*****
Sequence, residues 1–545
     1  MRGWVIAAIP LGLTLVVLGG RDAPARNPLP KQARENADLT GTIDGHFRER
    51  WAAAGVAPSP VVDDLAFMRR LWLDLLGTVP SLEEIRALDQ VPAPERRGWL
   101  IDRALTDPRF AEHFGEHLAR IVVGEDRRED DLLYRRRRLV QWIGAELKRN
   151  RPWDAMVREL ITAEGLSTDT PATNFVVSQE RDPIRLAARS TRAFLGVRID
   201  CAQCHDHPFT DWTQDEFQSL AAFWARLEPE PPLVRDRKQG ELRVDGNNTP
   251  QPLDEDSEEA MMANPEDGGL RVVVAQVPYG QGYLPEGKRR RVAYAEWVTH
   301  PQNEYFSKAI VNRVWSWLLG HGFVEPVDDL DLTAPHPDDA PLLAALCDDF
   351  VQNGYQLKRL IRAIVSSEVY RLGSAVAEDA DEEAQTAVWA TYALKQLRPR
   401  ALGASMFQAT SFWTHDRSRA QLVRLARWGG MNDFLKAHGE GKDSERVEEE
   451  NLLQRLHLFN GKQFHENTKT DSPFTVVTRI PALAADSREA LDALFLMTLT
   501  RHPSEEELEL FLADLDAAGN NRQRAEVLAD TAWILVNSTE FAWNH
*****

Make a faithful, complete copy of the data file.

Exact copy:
Sequence, residues 1–545
     1  MRGWVIAAIP LGLTLVVLGG RDAPARNPLP KQARENADLT GTIDGHFRER
    51  WAAAGVAPSP VVDDLAFMRR LWLDLLGTVP SLEEIRALDQ VPAPERRGWL
   101  IDRALTDPRF AEHFGEHLAR IVVGEDRRED DLLYRRRRLV QWIGAELKRN
   151  RPWDAMVREL ITAEGLSTDT PATNFVVSQE RDPIRLAARS TRAFLGVRID
   201  CAQCHDHPFT DWTQDEFQSL AAFWARLEPE PPLVRDRKQG ELRVDGNNTP
   251  QPLDEDSEEA MMANPEDGGL RVVVAQVPYG QGYLPEGKRR RVAYAEWVTH
   301  PQNEYFSKAI VNRVWSWLLG HGFVEPVDDL DLTAPHPDDA PLLAALCDDF
   351  VQNGYQLKRL IRAIVSSEVY RLGSAVAEDA DEEAQTAVWA TYALKQLRPR
   401  ALGASMFQAT SFWTHDRSRA QLVRLARWGG MNDFLKAHGE GKDSERVEEE
   451  NLLQRLHLFN GKQFHENTKT DSPFTVVTRI PALAADSREA LDALFLMTLT
   501  RHPSEEELEL FLADLDAAGN NRQRAEVLAD TAWILVNSTE FAWNH